Other question is a mortar like the 2B9 Vasilek, with over 600 Kg, and more difficult dimensions to be transported. This is just the main reason of its decline.

    Surely the design of the PM-38/43 light mortar of 120mm has been one of the most outstanding designs of the WWII, remaining almost without changes until now. The PM-38 is a 79 years old weapon, and its design remains very actual and useful today. To transport a mortar like this today is nothing for an armata platform vehicle (very interesting fire power complement for the T-15 or even for this BMP-T Terminator-3). In fact, can be done by every infantry vehicle and civil car.

    Mile is legit measurement, i dont see problem with it.

    When you say "man portable mortar", you mean mortar that can be carried around by men, those are 60 and 82mm mortars, 120mm mortar does not belong in that group, that is my point. And "tower" or "carried" by "vehicle" is not, in any case, even remotely close to "portable". You can pull D-30 howtizer with Lada Niva around, and you can push it with help of 4 men, yet it is not man fkn portable.

    I am sorry, but how is using horses or donkeys "outdated"? In mountain units around the globe that is more than common practice even at this moment.

    German 'Gebirgsjäger' Mountain Infantry using mules to carry mortars:





    Indian army:



    Austrian mountain units:



    I am sorry, but there is yet to be developed land vehicle that can offroad that much to exclude pack animals from armed forces completely.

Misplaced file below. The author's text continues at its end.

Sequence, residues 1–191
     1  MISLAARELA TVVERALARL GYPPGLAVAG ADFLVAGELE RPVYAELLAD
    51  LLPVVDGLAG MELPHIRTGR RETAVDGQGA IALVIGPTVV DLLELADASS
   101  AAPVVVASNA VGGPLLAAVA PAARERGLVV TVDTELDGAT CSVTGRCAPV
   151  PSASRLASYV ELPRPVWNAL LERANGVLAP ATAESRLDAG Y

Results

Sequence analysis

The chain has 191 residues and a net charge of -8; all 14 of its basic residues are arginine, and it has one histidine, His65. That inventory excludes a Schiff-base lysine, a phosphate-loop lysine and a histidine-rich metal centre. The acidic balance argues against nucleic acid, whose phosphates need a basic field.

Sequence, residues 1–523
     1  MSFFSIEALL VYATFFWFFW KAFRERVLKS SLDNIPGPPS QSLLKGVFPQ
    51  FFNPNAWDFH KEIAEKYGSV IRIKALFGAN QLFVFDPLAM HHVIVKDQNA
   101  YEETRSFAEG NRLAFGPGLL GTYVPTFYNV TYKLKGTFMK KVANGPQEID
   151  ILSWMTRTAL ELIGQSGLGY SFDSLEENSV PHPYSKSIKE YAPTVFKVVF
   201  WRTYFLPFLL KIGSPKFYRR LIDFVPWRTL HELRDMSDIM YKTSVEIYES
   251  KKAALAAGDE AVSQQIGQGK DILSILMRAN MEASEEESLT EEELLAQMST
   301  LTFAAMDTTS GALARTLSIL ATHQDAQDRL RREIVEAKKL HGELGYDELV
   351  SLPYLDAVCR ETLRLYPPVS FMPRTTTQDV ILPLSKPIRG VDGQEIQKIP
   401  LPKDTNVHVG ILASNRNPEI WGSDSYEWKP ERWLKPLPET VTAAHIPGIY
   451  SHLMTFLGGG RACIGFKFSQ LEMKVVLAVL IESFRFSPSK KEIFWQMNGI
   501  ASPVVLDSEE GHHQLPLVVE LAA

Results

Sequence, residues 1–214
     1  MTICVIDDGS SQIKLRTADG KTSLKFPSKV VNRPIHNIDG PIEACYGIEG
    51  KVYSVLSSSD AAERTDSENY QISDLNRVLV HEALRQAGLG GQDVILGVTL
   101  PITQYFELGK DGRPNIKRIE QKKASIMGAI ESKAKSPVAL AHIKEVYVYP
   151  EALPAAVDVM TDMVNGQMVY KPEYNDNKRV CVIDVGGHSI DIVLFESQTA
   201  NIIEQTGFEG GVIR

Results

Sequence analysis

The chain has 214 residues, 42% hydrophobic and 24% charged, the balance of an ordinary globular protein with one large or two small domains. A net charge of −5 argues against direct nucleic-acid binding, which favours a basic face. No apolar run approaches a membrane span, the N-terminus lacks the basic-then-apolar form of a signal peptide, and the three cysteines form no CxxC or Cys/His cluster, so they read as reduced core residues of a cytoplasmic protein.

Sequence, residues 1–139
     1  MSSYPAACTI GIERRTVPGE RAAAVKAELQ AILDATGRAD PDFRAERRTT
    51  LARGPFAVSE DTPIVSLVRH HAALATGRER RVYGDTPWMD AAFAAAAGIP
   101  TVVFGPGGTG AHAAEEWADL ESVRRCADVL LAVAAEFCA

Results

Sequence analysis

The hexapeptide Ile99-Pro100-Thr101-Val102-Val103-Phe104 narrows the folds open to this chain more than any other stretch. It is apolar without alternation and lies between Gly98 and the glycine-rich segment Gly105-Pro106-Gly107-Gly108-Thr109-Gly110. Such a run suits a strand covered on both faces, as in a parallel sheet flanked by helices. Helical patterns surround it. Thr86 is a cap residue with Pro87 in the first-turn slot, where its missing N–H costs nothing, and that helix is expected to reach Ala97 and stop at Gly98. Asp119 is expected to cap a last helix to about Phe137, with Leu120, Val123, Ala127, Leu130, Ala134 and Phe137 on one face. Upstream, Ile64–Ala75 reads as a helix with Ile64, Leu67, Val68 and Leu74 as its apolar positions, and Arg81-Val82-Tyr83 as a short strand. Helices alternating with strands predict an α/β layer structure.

There are still in use even 20mm AA guns that can be disassembled and carried by 4 or 5 pack animals together with ammunition, sights etc. Heavily mechanised Yugoslav army had thousands horses and military equipment that was made for horses, and it was not that long ago.
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    Re: [Official] Armata Discussion Τhread #5

    Post  Militarov on Mon Apr 03, 2017 5:39 pm

    Isos wrote:With the armies being smaller and smaller it's better to have a light self propelled mortar like 2S9 Nona or Something even lighter with all its communication systems and GPS/Glonass targeting computers and other its safety for the crew than these "normal" mortars.


    "Normal" mortars are going nowhere as they far, far, far cheaper to be made, lighter and its easy to break such units in smaller detachments. You cant leave self propelled mortar especially not one on tracked platform on its own without support of accompanying units.

    You have today hand held BMS and Balistic computers that do exactly the same job again at fraction of the cost. You can take 60/82 mm mortar at the top of the building, down the well, under stairs, inside the building, under bridge, in sewer pipe... you cant do that with something weighting 25tons.

    When its about 120mm mortars, i am more for those semi-fixed variants that have their dedicated vehicle, but which allows mortar to be taken off and used as normal mortar at any moment. Something like simplified Thales Scorpion mortar system lets say.